The school closing plan is designed to reduce costs in the cash-strapped district, where high schools are less than half full.

That’s a problem also facing the schools managed by CSUSA, which are vastly underutilized, said Hage. But he argued the decision on the future of the schools should not be made yet.

Putting off the decision is costly, however. The schools receive about $1,500-$3,300 per student extra from the state, said McCormick.

“When you look at those additional dollars, you are hoping you are getting your bang for your buck,” she said. “Anytime you are putting millions of dollars behind something, you obviously have your eyes on it.”

High school years

‘Fall was a big buildup of school spirit’: A Northwest alumnus remembers pep rallies, school plays, and some tension along the way, too.

PHOTO: Courtesy of Bill Franklin
Bill Franklin, Northwest High School Class of 1980, as a high-schooler (left) and as an adult (right).

In September, the board of Indianapolis Public Schools will vote on a proposal to close four high schools in the district. Chalkbeat is collecting narratives from former students and teachers from Arlington, Broad Ripple, John Marshall, and Northwest.

Want to share your own memories from one of these schools? Fill out this form.

(This interview has been edited for length and clarity)

Bill Franklin, Northwest High School Class of 1980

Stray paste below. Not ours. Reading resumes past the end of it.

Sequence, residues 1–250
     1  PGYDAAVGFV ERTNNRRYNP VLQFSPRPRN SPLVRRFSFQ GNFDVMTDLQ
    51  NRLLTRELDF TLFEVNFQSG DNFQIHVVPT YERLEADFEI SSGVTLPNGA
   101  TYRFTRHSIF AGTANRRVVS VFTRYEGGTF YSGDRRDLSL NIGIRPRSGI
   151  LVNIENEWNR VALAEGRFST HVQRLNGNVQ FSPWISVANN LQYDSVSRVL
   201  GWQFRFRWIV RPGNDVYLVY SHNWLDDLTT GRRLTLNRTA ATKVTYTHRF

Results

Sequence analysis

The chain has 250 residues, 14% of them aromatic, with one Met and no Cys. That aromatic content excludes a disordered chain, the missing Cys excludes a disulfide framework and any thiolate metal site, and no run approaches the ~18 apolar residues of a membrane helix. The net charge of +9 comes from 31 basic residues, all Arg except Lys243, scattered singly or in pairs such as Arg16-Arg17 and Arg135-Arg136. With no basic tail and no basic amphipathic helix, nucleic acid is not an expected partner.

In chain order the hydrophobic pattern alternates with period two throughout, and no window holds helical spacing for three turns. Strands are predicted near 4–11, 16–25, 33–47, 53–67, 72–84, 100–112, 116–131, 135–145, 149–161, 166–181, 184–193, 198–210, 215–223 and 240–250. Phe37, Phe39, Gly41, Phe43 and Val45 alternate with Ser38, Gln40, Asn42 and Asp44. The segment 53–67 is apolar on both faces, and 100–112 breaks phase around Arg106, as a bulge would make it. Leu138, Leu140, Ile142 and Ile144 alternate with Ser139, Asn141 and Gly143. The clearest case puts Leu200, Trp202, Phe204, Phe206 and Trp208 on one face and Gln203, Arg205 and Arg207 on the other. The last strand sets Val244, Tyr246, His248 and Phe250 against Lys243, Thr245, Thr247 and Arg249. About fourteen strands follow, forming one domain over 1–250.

Member, Class of 1980 reunion committee

Question: Can you tell us something about your memories from high school?
Answer: Northwest High School was a big part of my growing up. The neighborhood I lived in was right next door to the school, so it was within walking distance. And I have two older brothers who went to Northwest before me. So going to the football games on Friday nights was always a big thrilling event for me, going over to watch band practices and things like that. It was just a very good place to grow up, a very good school to go to at the time.

Q. What was the school like back then?
A. I was one of these weirdo kids who was always excited when the school year started, as opposed to ‘Oh no, summer’s over!’ Because it was a chance to go back to see the friends that you typically didn’t see over the summer, there was always new clothes to wear, and always the excitement of finding out what your classes were going to be like.

The fall was just a big buildup of school spirit because of the football games, and they would have pep rallies, and there was always the part of the pep rally where they would have the freshmen class make as much noise as they could, and then the sophomore class, and so on, and then it was judged who had the most spirit, which class it was. It was just always a good time.

Having said that, our school ratio honestly back then was probably 60 percent black and 40 percent white, so there were a couple years where there was a lot of tension early in the school year between black and white students. Sometimes it would be on the news. I do remember coming home from school one time and my mom asked me if anything had happened at the school and I said, ‘Not that I’m aware of.’ She said, ‘Well, the neighbor heard on the news that they were having problems at Northwest, some students threw rocks at a bus that was busing in black students from Indianapolis.’ And I said, ‘I don’t know anything about it.’ (Franklin is white.)